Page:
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  • TBC
  • Documentary
  • 2008
  • 86 mins

Chevolution

Chevolution

Synopsis

In this engaging documentary, co-directors Trisha Ziff and Luis Lopez trace the history, evolution and symbolic significance of an iconic photograph of Ernesto 'Che' Guevara

About

"Some people don't even know who he is. They have the T-shirt, but they don't know who he is." These words, heard near the beginning of Trisha Ziff and Luis Lopez's Chevolution, refer to Argentine Marxist guerrilla Ernesto Guevara, immortalised in an image that would be reproduced, transformed, reappropriated and parodied more than any other from the twentieth century, making him 'the Mona Lisa of photography' and an enduring icon of his age and our own. And it is in keeping with both the persistence and the adaptability of the man's legend that these words should be spoken by actor and sex symbol Gael Garcíá Bernal, who has himself recently contributed to Guevara's iconography by embodying him in the feature The Motorcycle Diaries (2004). Later there will also be comments from Antonio Banderas, who played the Latin insurrectionist in Evita (1996). Guevara is indeed a man of many faces.

When Alberto 'Korda' Díaz took the photograph (later entitled 'Guerrillero Heroico', or 'Heroic Guerrilla') in 1960 at a mass funeral service for the victims of a suspicious explosion at Havana's port, medical student Guevara had already refashioned himself as 'Che' and become a hero of the Cuban revolution, much as Korda had by then himself abandoned the glamour of fashion photography for something more politically committed. This documentary is concerned with how both the revolutionary and his most famous portrait have changed in their significance with the passing years, while continuing to exercise a hold over the popular imagination.

Korda's image was in fact not used for Cuba's official coverage of the funeral, but it would be published in the Cuba's official newspaper 'Revolución' in 1961, and would resurface and spread rapidly through Europe around the time of Che's execution in Bolivia in October 1967. By the time of the upheavals of May 1968, the pop art movement (and Cuba's refusal to recognise international copyright) had helped transform Korda's photo into a striking graphic, a convenient banner, and a symbol of resistance across the world. Since then it has become a universally recognisable icon, exploited commercially in the West as a brand logo on all manner of saleable commodities in a manner that would no doubt make the anti-capitalist revolutionary turn in his grave, while it is still used as a rallying point by genuine leftist militants in a rural Latin America where conditions of poverty and in equality have not, according to Bernal, changed much in the last 50 years.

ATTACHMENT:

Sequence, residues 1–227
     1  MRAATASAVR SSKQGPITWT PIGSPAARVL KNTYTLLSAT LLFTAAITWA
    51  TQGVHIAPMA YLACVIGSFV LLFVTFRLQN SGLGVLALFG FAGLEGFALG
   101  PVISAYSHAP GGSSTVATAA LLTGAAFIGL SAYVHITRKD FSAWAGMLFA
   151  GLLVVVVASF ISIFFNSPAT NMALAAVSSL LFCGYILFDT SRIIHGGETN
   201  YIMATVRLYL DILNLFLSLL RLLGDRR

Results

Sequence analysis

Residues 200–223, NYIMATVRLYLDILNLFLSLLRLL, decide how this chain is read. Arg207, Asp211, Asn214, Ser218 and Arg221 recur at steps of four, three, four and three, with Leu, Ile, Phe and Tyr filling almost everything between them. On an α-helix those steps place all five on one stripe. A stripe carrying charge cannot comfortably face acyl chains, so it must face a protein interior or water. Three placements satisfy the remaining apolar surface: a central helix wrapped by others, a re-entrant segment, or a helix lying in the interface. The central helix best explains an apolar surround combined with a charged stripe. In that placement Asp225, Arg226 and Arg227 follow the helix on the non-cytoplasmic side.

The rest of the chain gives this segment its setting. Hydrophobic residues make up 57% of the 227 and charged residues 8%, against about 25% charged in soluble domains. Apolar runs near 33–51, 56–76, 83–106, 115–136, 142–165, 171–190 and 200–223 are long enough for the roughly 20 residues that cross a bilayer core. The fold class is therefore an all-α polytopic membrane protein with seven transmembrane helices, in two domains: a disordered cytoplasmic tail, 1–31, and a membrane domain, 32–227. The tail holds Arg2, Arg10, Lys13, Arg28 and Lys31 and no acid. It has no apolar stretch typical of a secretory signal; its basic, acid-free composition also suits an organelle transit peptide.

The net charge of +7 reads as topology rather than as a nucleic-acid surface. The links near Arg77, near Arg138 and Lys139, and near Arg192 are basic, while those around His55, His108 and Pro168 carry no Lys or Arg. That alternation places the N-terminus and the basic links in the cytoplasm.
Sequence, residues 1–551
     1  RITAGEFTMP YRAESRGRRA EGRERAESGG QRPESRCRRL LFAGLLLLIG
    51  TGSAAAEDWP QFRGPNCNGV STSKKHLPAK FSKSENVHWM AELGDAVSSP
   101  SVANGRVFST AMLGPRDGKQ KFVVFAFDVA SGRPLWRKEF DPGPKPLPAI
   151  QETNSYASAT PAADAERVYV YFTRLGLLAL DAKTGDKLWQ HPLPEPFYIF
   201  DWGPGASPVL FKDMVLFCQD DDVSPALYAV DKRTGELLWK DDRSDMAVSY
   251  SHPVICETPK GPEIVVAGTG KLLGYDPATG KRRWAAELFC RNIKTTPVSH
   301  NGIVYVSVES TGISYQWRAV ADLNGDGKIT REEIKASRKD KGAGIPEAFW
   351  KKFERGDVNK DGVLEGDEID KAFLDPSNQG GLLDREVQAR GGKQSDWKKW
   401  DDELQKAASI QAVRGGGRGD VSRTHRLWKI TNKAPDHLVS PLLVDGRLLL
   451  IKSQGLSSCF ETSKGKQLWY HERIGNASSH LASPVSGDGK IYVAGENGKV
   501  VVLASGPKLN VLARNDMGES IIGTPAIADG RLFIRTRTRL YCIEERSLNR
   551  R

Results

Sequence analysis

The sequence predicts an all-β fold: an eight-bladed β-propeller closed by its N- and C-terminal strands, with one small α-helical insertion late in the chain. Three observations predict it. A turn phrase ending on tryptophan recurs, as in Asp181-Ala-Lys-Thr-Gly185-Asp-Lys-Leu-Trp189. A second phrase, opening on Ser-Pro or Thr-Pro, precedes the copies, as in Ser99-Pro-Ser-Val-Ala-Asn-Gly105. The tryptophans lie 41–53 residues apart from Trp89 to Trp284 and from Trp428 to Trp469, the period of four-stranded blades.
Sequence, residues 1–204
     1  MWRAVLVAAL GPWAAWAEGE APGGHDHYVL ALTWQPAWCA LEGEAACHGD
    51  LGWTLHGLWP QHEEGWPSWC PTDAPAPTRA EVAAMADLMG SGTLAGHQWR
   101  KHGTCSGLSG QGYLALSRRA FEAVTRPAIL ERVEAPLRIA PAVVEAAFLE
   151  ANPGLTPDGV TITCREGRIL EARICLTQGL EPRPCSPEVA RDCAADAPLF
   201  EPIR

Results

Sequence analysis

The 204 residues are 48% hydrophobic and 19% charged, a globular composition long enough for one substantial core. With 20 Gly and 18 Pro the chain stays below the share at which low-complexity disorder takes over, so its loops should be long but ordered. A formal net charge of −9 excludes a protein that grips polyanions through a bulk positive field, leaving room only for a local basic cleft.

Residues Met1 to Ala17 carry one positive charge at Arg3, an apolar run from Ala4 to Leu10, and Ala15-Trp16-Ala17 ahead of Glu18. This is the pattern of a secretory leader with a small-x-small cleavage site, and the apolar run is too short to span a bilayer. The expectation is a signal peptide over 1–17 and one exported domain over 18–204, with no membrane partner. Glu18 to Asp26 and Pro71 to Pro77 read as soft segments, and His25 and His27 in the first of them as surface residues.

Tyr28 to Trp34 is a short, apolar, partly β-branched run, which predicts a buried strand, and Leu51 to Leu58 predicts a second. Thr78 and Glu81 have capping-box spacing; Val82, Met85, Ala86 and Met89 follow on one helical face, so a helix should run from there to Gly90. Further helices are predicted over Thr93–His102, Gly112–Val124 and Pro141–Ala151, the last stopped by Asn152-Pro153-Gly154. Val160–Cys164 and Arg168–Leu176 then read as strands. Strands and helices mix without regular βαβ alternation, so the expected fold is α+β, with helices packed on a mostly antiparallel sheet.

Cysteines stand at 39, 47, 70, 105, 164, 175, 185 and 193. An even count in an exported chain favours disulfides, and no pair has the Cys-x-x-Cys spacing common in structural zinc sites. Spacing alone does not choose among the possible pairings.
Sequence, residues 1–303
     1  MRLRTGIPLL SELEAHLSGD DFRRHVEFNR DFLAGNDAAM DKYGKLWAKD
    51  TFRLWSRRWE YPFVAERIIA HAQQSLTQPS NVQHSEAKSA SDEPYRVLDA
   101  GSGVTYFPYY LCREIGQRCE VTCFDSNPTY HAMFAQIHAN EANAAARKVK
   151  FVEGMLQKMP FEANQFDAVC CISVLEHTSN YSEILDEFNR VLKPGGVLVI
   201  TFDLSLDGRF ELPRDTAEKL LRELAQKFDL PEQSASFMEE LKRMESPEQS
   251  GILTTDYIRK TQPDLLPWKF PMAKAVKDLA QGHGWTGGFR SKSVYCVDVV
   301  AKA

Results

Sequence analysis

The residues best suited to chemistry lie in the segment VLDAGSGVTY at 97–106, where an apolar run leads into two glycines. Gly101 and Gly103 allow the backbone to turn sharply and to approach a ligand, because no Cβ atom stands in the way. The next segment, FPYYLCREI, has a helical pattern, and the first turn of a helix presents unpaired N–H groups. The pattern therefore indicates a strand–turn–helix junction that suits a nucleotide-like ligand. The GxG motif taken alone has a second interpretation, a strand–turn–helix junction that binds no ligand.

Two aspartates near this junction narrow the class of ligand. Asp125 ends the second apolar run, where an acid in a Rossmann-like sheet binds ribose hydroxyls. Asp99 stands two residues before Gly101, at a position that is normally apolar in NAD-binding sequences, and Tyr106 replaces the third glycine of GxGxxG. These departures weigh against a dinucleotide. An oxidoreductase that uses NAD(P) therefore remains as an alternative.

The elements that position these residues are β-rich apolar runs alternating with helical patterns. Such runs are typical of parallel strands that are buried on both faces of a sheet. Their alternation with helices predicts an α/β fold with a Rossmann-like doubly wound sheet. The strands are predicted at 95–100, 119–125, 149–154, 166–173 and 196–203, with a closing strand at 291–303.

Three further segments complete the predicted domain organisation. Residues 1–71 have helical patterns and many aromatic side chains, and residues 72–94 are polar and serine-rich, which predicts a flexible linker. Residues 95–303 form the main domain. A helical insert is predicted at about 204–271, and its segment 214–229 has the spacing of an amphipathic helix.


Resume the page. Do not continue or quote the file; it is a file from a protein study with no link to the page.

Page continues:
Chevolution marries history, biography, ideology and iconography to tell a story as multivalent as the image at its centre. Over carefully compiled archival footage and a dizzying array of products (from beer bottles to bikinis) displaying variations on the Che image, the filmmakers have gathered a broad and eclectic spectrum of talking heads, including Guevara's friend and fellow traveller Alberto Granado, his biographer Jon Lee Anderson (author of 'Che Guevara: A Revolutionary Life') and iconographer Michael Casey (author of 'Che's Afterlife: The Legacy Of An Image'), Korda's daughter (and current holder of the image's copyright) Diana Díaz and several of fellow Cuban photographers from the 1960s, as well as a variety of artists, musicians, students and armed rebels who have all used (or abused) the Che image to express something of themselves or their beliefs - and the documentary intersperses plenty of anonymous vox pops amongst its better known interviewees, to reflect Guevara's lasting demotic appeal as a folk hero (or indeed villain).

In all this, the Che icon is thoroughly deconstructed only to be reassembled into something even more complex and polysemic than it was before, so that Chevolution might just change the way you look at both the image itself and the world that has embraced it as a badge of optimistic dissatisfaction with the status quo.

Cast & Connections

  • Actor: Shepard Fairey, Tom Morello, José A Figueroa, Gerry Adams, Antonio Banderas, Jim Fitzgerald, Michael Casey, Jon Lee Anderson
  • Director: Luis Lopez, Trisha Ziff
  • Screen Writer: Trisha Ziff, Sylvia Stevens
  • Writer (Book): Trisha Ziff
  • Producer: Trisha Ziff
  • Photographer: Jan Pieter
  • Composer: Joseph Julian Gonzalez

In a nutshell

Like the ubiquitous image that it celebrates, this documentary says many things about history, culture and ideology, without ever seeming anything less than clear and compelling.

by Anton Bitel

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